I love Melanie Benjamin’s writing (The Aviator’s Wife, The Swans of Fifth Avenue, The Girls in the Picture – to name a few). She makes historical characters come alive and her attention to historical is spot on. She also never makes anachronistic slips in her writing. Mistress of the Ritz is based on the real person, Blanche Auzello, and her husband Claude who was the manager of the Ritz during the German occupation of Paris in WWII. Blanche is a vibrant and unforgettable character, as daring as she is brave, even as she hides a secret. Apparently, there is not too much known of the personal lives of the real Claude and Blanche, but Ms. Benjamin’s writing never feels campy or too incredible. Instead she does what she does best — slowly peeling away the layers of character so that by the end of the book we feel we know the person intimately.

This was an interesting and great read.

Thank you for my e-copy to review via Net Galley!

Description

A captivating novel based on the story of the extraordinary real-life American woman who secretly worked for the French Resistance during World War II—while playing hostess to the invading Germans at the iconic Hôtel Ritz in Paris—from the New York Times bestselling author of The Aviator’s Wife and The Swans of Fifth Avenue.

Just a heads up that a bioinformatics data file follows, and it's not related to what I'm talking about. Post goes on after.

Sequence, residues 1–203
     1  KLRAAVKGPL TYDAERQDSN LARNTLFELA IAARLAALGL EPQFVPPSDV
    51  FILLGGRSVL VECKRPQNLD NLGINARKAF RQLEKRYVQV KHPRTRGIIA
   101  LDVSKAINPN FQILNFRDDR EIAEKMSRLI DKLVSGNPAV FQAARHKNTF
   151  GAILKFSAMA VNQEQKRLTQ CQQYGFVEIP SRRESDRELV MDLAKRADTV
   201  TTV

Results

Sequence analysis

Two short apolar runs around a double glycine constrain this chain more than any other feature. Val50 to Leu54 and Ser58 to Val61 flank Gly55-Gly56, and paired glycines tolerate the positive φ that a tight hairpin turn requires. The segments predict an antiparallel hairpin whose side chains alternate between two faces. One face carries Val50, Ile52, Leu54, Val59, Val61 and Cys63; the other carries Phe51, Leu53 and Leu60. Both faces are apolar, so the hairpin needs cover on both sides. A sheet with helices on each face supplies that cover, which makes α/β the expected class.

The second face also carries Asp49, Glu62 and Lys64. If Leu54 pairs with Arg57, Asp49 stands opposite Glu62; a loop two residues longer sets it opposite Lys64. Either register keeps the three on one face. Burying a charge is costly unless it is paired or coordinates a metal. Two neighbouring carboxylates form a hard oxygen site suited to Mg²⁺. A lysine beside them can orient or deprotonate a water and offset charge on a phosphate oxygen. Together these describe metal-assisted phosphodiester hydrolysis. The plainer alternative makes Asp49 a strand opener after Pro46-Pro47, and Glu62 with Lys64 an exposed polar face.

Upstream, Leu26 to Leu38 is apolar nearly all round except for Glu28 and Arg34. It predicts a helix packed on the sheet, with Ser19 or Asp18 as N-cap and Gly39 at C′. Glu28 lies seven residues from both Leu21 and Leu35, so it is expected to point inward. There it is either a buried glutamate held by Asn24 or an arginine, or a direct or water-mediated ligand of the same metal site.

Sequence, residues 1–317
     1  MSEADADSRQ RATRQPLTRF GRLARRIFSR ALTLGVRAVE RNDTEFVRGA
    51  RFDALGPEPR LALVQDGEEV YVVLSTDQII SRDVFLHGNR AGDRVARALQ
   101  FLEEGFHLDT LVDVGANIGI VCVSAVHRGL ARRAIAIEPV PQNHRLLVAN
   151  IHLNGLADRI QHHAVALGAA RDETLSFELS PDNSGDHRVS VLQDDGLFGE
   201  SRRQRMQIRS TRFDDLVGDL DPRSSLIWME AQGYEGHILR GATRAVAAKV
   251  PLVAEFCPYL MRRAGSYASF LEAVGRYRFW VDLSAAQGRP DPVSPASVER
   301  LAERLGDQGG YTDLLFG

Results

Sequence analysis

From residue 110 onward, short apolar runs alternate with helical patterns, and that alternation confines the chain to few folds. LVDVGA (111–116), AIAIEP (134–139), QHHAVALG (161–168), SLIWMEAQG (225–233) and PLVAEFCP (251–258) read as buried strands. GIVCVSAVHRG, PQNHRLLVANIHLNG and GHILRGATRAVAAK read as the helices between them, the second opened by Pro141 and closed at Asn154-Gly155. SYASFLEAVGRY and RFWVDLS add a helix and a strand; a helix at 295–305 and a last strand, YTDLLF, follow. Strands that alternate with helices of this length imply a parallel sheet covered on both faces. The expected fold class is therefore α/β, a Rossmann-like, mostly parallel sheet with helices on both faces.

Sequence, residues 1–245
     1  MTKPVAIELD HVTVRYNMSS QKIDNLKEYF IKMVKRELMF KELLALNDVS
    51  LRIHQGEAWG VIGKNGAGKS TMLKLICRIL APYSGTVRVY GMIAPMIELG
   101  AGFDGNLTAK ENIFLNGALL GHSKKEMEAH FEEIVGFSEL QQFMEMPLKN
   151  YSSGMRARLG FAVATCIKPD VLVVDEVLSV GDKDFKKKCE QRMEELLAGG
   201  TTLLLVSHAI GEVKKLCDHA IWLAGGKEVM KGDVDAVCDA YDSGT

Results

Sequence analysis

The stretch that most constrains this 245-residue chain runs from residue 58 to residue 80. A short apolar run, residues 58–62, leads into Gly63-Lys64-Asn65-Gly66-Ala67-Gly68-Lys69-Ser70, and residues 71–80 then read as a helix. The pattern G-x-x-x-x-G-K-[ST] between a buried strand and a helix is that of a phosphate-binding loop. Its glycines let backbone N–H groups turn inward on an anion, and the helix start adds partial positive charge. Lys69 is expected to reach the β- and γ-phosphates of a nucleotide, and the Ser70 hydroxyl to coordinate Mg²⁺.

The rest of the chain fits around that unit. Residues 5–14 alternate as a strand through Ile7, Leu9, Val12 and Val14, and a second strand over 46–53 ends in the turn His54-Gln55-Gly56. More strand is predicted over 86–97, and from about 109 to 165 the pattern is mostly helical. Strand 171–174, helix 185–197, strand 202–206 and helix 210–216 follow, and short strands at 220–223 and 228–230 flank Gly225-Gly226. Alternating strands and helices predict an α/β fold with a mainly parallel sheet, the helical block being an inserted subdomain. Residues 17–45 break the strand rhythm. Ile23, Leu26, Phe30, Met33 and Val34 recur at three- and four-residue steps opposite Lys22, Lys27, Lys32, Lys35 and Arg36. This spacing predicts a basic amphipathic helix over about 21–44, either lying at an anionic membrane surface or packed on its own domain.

“A compelling portrait of a marriage and a nation at war from within.”—Kate Quinn, author of The Alice Network

Nothing bad can happen at the Ritz; inside its gilded walls every woman looks beautiful, every man appears witty. Favored guests like Ernest Hemingway, F. Scott Fitzgerald, Coco Chanel, and the Duke and Duchess of Windsor walk through its famous doors to be welcomed and pampered by Blanche Auzello and her husband, Claude, the hotel’s director. The Auzellos are the mistress and master of the Ritz, allowing the glamour and glitz to take their minds off their troubled marriage, and off the secrets that they keep from their guests—and each other.

Until June 1940, when the German army sweeps into Paris, setting up headquarters at the Ritz. Suddenly, with the likes of Hermann Goëring moving into suites once occupied by royalty, Blanche and Claude must navigate a terrifying new reality. One that entails even more secrets and lies. One that may destroy the tempestuous marriage between this beautiful, reckless American and her very proper Frenchman. For in order to survive—and strike a blow against their Nazi “guests”—Blanche and Claude must spin a web of deceit that ensnares everything and everyone they cherish.